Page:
Angela Davis was in Mumbai recently to deliver the 8th Anuradha Ghandhy Memorial Lecture titled “Black lives, Dalit lives: Histories and Solidarities”. At a press conference, she signed an appeal to president Pranab Mukherjee to repeal the Armed Forces Special Powers Act (AFSPA), one of India’s most contested and critiqued laws. She termed the Act a symbol of state power and militarization and a weapon of oppression against Kashmiris who have been spearheading mass protests against repressive state violence over the years. The Act has been in place there since 1990, affecting the lives of multiple generations.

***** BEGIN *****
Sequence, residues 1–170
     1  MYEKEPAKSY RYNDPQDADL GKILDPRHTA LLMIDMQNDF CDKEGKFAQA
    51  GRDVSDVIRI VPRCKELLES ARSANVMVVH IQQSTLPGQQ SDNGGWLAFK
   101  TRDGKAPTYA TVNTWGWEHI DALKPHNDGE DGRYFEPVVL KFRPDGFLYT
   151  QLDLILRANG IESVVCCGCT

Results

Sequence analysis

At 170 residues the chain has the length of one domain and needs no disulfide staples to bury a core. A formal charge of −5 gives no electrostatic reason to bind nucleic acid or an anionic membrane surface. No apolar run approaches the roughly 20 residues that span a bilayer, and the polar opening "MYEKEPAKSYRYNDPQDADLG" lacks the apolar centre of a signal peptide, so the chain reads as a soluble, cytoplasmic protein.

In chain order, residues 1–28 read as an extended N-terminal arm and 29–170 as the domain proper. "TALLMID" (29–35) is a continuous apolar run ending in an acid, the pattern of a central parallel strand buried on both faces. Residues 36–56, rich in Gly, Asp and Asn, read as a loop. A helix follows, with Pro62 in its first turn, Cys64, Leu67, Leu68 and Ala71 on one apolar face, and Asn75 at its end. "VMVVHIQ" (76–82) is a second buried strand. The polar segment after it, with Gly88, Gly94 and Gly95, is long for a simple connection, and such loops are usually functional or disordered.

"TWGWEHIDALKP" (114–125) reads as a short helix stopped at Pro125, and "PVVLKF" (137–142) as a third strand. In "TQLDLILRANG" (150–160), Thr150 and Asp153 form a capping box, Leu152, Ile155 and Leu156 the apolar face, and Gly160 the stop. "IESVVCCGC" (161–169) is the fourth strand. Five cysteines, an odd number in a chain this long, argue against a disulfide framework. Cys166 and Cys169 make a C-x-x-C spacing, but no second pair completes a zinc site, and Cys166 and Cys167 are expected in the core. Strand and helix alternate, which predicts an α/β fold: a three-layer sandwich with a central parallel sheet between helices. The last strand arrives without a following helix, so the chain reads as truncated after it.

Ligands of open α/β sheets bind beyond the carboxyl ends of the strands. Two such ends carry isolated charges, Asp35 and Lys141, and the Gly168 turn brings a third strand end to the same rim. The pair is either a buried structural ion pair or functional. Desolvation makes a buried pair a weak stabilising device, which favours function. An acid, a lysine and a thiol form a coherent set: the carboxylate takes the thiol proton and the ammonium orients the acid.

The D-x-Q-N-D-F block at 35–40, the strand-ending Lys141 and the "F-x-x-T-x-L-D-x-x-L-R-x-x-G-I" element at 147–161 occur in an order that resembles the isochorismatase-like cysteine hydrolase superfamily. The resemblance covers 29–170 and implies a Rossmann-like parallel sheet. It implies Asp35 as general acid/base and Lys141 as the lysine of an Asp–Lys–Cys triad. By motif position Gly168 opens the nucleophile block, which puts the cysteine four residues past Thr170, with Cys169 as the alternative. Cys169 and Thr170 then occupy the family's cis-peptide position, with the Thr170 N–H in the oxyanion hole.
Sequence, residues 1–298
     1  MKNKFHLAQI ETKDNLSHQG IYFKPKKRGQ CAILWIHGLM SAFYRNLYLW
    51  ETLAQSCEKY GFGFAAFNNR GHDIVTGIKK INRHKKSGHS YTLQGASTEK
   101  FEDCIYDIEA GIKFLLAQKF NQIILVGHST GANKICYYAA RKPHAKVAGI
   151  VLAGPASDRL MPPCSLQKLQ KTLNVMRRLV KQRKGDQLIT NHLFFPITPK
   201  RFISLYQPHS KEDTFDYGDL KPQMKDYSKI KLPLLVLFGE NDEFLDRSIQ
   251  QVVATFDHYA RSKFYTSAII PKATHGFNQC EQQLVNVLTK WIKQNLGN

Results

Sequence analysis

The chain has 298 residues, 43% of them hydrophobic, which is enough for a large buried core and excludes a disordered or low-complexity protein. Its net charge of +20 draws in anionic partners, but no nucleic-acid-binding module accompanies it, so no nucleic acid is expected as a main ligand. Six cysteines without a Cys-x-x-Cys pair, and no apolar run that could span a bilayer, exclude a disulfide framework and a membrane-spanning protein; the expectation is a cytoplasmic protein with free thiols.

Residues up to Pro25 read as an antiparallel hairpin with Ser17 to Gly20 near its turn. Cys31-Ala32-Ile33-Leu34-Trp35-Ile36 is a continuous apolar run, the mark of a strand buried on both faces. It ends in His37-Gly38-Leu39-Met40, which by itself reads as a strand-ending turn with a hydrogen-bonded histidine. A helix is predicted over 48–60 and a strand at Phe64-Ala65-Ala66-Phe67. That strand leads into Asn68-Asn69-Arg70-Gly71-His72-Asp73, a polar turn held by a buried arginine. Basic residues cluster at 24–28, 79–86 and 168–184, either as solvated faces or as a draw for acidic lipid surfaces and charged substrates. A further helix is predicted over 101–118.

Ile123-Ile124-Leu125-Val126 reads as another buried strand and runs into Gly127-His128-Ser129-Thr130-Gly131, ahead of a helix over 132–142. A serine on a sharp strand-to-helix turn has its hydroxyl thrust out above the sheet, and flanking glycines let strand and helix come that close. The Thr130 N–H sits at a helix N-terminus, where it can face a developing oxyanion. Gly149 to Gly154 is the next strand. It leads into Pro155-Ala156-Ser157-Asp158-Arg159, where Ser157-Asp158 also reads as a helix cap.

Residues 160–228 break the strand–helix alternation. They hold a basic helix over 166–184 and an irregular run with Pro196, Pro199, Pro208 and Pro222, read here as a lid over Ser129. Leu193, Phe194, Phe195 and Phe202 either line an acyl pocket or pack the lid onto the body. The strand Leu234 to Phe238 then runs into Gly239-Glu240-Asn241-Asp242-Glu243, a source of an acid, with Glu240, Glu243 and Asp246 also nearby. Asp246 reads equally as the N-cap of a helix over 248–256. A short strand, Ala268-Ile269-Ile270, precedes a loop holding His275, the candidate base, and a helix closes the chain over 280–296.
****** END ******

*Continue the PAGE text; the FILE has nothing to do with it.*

She also commended Manipur’s Irom Chanu Sharmila, whose 16 year-long fast was in resistance to the injustice facilitated by the AFSPA. Its prolonged application has not only institutionalized militarism and a climate of impunity but has also alienated the public and failed to establish a political and participatory alternative to martial law.
Davis also said, “Such symbols and laws can only be challenged by feminist voices, analyses and solidarities.” In Are Prisons Obsolete? Davis advocates prison abolition, an idea considered as “radical” as the repeal of the AFSPA. There are striking parallels between the experience of imprisonment and life under the rule of this ‘lawless law’—termed so due to perpetration of several atrocities, particularly against women. She writes, “Sexual abuse, which like domestic violence is yet another dimension of the privatized punishment of women—has become an institutionalized component of punishment by the state.”
Powerlessness imposed by the state constitutes the core of the prison lived experience, a fact well understood by her Indian counterparts.